sunday, march 9

And even if you found yourself in some prison, whose walls let in none of the world's sounds—wouldn't you still have your childhood, that jewel beyond all price, that treasure house of memories?

— Rilke

i sat downtown in the car with
the door half-open in the sunlight
and read about a third of b. h. fairchild,
early occult memory systems of the lower midwest
before i closed the book and drove back here
moving as if through some borrowed memory
toward a borrowed home

so much poetry has the power, if it has any effect
at all, of reverie and incantation
recollection and the shock of recognition
transmitted to the reader through the
depth of the poet's dwelling
in memory, in loss or longing
or the fact of some moment

and in all this there's a paradox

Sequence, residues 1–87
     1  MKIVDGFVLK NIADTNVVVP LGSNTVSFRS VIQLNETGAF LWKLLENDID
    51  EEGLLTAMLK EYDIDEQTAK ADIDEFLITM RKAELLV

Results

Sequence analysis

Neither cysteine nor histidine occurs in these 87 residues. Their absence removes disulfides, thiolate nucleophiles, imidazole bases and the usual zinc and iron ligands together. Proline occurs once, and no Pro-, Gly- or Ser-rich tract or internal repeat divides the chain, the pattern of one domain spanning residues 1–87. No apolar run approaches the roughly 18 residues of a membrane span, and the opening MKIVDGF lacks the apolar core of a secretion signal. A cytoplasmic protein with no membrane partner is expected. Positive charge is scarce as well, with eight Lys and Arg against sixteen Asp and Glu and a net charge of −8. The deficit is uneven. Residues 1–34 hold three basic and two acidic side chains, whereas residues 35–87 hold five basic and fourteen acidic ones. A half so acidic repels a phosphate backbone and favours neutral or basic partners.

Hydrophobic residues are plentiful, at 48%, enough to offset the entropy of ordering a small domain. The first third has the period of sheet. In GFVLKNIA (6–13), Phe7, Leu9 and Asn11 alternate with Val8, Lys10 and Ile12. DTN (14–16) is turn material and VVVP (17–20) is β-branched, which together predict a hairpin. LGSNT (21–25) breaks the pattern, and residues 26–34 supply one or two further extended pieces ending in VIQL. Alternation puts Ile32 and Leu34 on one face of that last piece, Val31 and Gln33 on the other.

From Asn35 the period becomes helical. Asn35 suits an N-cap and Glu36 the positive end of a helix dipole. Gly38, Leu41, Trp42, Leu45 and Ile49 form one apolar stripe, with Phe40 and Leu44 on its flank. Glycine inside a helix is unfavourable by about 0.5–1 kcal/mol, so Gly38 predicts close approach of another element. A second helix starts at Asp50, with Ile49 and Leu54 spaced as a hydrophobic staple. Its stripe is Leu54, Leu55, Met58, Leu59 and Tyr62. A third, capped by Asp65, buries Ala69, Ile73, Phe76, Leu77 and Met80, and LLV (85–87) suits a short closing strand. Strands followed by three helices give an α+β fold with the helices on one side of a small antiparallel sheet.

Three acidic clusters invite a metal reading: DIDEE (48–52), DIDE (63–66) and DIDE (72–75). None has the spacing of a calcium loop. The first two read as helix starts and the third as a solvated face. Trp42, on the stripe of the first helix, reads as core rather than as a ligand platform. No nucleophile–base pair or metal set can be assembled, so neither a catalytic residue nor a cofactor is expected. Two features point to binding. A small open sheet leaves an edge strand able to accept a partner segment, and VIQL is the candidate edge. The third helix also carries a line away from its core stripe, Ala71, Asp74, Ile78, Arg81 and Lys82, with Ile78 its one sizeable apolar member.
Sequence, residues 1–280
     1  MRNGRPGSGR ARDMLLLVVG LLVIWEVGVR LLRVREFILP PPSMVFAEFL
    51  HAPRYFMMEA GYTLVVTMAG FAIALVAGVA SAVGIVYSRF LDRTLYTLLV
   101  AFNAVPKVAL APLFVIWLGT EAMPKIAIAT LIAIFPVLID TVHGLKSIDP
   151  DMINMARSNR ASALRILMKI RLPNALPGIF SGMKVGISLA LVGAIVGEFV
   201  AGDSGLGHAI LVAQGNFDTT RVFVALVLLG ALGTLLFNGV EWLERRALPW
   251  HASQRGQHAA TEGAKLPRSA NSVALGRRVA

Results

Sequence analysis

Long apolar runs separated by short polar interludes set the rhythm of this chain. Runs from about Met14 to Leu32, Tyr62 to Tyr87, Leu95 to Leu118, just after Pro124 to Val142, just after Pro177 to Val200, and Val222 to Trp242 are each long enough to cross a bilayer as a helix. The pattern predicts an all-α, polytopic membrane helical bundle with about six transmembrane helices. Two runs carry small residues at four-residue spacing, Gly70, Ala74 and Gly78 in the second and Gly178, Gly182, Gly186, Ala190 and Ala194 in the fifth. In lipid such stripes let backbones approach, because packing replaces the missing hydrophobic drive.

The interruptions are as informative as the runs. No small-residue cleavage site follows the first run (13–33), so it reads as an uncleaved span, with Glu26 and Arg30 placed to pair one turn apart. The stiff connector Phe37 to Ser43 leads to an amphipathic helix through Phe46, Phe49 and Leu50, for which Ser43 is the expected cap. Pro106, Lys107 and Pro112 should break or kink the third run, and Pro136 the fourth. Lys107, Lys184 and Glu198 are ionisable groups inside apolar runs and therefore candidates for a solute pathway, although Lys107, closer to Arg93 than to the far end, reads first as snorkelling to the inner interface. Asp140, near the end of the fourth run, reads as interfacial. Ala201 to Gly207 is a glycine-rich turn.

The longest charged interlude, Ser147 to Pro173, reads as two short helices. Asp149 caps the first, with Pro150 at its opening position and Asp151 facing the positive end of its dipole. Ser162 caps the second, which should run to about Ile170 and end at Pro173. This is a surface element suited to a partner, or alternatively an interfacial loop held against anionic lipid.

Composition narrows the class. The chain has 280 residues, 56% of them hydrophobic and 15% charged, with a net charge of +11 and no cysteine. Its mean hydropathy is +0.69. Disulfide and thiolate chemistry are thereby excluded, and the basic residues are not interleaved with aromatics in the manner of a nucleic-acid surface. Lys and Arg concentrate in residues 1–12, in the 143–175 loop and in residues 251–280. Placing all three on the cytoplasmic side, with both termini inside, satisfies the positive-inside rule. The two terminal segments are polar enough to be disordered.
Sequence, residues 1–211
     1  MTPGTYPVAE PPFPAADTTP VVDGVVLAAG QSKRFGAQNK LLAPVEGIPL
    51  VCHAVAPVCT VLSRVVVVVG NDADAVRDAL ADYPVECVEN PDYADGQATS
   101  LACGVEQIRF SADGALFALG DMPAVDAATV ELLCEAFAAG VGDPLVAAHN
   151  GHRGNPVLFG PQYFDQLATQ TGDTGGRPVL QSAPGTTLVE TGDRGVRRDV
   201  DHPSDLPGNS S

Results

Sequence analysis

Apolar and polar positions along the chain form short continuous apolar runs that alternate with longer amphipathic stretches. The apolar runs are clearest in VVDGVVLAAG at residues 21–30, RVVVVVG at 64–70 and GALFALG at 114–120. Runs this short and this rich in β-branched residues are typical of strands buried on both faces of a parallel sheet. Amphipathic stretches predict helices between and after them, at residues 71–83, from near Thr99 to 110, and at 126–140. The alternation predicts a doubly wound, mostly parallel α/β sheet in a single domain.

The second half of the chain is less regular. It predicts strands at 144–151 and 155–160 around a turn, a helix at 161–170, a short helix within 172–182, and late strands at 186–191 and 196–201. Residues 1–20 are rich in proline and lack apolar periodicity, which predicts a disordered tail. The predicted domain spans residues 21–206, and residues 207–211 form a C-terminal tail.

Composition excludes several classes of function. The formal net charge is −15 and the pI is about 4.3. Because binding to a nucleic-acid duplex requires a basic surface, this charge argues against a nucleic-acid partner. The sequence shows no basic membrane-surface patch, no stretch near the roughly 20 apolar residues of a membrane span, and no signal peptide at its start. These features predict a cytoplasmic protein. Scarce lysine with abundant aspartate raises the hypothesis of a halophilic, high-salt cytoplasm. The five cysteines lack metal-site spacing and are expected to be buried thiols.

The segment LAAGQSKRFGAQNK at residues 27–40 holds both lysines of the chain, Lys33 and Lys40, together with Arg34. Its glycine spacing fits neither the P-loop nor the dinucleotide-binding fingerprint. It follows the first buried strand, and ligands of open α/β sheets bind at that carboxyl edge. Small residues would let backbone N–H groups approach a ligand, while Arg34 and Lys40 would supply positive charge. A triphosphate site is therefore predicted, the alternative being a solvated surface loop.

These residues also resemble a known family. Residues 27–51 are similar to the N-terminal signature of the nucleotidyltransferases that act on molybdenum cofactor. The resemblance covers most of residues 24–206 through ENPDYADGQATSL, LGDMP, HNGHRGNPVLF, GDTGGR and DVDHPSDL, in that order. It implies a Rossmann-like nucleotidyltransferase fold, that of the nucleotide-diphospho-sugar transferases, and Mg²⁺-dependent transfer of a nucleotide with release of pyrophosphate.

words are so many lies and fabrications
insect buzzing abstraction over the hard shapes
and broken edges of things

but that's not my concern
not now anyway
words are the only instrument
i've ever known how to choose

and in the moments of my defeat,
i've needed more of them, not fewer:
i'll more likely die for their lack
than drown in all of their confusion

what concerns me is that i should dwell
not in the easy shapes of memory
gone smooth with handling, the grievances
that have fed petty hatreds longer now
than i had been alive when they were born
but in the ragged present
the roaring silence of what is

because the poem is the residue of an act
these words are the traces of some motion
we won't be here again
and where we've been we scarcely
know it any more —
but life is the one life just the same
whatever you have lost or gained